The Parking Lot Movie is a documentary about a singular parking lot in Charlottesville, Virginia. The film follows a select group of parking lot attendants and their strange rite of passage... See full summary »
Jack Rebney is the most famous man you've never heard of - after cursing his way through a Winnebago sales video, Rebney's outrageously funny outtakes became an underground sensation and ... See full summary »
Documentary about rock pioneer Roky Erickson, detailing his rise as a psychedelic hero, his lengthy institutionalization, his descent into poverty and filth, and his brother's struggle with their religious mother to improve Roky's care.
Near Penn Station, next to the Amtrak tracks, squatters have been living for years. Marc Singer goes underground to live with them, and films this "family." A dozen or so men and one woman talk about their lives: horrors of childhood, jail time, losing children, being coke-heads. They scavenge, they've built themselves sturdy one-room shacks; they have pets, cook, chat, argue, give each other haircuts. A bucket is their toilet. Leaky overhead pipes are a source of water for showers. They live in virtual darkness. During the filming, Amtrak gives a 30-day eviction notice.Written by
Singer was permitted to use a 16mm Bolex on loan from a camera house in New York without up-to-date payments. He was given left-over film stock on a "pay-later" basis from Kodak and other resources. The lab in New York that processed his negatives and prints also granted him this favor. He began editing on a flatbed, before he was granted the use of an avid at practically no charge from a friend of a friend. He also had complete and total creative control over the project and its final cut, also a rarity. See more »
As we shift through the dark space of their world that is at once claustrophobic and cavernous, we see the mundane rituals of ordinary life play out: cooking, raising pets, cleaning, showering. The men (and one woman) of this film speak of a life lived autonomous from societal intervention. One senses that the filmmaker, and more adamantly the homeless themselves are trying to convince us that here in the subterranean garbage disposal of life, their needs are being met by the trash of the world that is chewed up and spit out. In the film, these leftovers become a metaphor for the people themselves - as they revel in finding a treasure of discarded donuts, or show their opportunist nature by collecting cans for cash to buy heroin. So our waste becomes their livelihood. We see them cook cornbread, they've got TV and radio and a space heater. "We're not homeless," one man tells us, "homeless is when you don't have a home." But then his friend corrects him. "Nah, you're still homeless. You just ain't helpless." But as the film progresses, we start to perceive something in the darkness, something invisible around the edges that keeps them buried underground; it's their addiction to drugs, and the memories of past lives that are fraught with anguish and suffering. They are lost souls - shadow people moving through an ethereal, timeless landscape.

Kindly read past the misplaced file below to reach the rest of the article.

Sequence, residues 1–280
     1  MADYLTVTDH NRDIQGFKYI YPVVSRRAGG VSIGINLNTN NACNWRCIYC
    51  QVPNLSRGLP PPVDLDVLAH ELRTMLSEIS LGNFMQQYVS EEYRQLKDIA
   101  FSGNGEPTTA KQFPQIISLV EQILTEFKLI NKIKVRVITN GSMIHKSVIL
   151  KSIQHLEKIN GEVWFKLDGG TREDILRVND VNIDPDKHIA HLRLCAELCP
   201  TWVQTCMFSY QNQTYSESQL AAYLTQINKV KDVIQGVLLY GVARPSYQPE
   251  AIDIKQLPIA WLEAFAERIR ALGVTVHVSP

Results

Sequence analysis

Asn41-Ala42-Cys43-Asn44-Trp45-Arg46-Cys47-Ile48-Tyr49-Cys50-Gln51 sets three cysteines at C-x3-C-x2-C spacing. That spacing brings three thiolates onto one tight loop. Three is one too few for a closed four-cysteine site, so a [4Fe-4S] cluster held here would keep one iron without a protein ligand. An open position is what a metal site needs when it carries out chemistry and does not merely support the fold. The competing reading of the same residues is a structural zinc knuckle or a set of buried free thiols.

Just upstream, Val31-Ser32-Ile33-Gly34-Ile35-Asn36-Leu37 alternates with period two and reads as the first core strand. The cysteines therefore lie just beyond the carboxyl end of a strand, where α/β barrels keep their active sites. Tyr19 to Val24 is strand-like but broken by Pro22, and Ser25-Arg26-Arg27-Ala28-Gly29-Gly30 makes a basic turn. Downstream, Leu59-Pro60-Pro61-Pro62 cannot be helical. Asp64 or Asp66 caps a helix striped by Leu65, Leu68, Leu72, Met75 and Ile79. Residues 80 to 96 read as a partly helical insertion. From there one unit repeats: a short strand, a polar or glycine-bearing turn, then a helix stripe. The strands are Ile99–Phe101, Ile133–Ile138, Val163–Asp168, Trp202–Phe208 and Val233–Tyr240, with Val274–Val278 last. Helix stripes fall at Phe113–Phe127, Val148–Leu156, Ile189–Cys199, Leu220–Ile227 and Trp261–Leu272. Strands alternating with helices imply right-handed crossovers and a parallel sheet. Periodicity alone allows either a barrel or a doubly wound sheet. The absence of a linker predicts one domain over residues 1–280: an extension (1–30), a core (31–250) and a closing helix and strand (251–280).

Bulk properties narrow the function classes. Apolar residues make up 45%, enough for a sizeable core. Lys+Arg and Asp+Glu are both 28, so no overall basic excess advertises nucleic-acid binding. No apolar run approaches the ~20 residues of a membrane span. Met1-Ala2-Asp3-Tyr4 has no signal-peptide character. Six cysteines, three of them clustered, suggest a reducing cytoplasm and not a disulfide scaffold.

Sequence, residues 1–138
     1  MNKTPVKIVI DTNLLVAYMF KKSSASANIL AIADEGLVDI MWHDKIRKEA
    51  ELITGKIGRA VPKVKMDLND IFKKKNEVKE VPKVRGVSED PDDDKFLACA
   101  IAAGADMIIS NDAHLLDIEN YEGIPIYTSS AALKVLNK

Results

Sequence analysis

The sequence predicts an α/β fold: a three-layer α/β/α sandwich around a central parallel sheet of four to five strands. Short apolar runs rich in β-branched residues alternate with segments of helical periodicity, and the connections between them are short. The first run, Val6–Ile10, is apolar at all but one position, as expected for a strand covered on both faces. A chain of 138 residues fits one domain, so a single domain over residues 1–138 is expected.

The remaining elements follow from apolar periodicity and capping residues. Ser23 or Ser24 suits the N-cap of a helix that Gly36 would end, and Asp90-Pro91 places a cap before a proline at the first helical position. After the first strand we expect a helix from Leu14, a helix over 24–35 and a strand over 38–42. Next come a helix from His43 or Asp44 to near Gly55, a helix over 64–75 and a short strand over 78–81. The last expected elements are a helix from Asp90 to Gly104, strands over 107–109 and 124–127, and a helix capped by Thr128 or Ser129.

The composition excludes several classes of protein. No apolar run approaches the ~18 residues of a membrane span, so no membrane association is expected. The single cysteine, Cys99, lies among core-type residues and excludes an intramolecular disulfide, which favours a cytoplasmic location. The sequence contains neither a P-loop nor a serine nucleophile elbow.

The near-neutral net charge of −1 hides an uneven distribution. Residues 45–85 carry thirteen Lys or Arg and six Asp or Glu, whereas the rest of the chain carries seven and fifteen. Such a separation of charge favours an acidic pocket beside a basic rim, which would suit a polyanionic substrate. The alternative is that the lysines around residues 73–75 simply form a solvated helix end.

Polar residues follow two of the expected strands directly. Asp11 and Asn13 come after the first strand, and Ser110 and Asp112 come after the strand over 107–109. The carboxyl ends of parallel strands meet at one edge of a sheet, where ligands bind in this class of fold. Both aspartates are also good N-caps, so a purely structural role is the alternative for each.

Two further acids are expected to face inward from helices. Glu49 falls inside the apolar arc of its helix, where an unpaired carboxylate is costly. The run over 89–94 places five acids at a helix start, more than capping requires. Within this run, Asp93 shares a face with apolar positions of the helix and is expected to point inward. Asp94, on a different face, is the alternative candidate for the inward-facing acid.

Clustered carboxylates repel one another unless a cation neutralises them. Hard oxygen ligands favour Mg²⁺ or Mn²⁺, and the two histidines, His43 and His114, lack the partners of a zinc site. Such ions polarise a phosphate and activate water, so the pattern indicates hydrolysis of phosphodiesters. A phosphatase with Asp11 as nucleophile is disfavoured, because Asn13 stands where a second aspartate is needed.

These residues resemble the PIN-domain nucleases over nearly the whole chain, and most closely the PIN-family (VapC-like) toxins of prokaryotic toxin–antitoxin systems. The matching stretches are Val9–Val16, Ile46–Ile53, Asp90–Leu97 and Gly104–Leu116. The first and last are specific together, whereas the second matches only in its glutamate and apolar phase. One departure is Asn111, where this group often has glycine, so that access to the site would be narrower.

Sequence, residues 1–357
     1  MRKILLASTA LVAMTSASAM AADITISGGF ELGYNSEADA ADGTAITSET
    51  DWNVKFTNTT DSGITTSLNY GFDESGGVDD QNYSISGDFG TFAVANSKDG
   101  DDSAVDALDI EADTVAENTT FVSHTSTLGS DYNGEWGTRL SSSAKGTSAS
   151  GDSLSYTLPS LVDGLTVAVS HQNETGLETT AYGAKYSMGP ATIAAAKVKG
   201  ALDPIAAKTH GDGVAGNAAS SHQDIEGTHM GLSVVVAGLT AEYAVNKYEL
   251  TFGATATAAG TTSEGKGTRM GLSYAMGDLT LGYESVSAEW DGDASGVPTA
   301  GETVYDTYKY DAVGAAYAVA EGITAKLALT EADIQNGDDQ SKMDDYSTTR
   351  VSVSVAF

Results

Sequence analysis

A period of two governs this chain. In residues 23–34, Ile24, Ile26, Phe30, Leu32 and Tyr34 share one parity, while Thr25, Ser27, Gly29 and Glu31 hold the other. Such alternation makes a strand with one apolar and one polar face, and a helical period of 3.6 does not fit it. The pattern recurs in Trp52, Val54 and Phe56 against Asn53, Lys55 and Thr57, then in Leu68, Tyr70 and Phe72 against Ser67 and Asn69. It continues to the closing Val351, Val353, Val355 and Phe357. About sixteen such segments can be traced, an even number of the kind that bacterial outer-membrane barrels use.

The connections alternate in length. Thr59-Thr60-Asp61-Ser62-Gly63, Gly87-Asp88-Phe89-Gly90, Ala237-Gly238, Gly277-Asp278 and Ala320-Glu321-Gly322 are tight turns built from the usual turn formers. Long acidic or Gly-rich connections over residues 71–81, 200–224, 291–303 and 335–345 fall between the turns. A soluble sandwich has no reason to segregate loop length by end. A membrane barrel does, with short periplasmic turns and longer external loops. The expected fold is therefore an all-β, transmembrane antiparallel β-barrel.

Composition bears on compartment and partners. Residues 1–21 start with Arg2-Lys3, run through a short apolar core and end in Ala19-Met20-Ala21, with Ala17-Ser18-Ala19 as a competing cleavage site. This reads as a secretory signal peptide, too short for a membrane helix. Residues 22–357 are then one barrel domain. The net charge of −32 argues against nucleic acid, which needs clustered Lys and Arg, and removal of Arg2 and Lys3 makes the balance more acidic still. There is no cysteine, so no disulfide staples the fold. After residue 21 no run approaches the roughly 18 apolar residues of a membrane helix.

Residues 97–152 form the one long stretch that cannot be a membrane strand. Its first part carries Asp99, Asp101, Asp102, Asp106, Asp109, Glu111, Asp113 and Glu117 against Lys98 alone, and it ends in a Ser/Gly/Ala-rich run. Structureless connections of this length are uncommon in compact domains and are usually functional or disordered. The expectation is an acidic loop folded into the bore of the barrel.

6 of 7 people found this review helpful.
Was this review helpful to you?
| Report this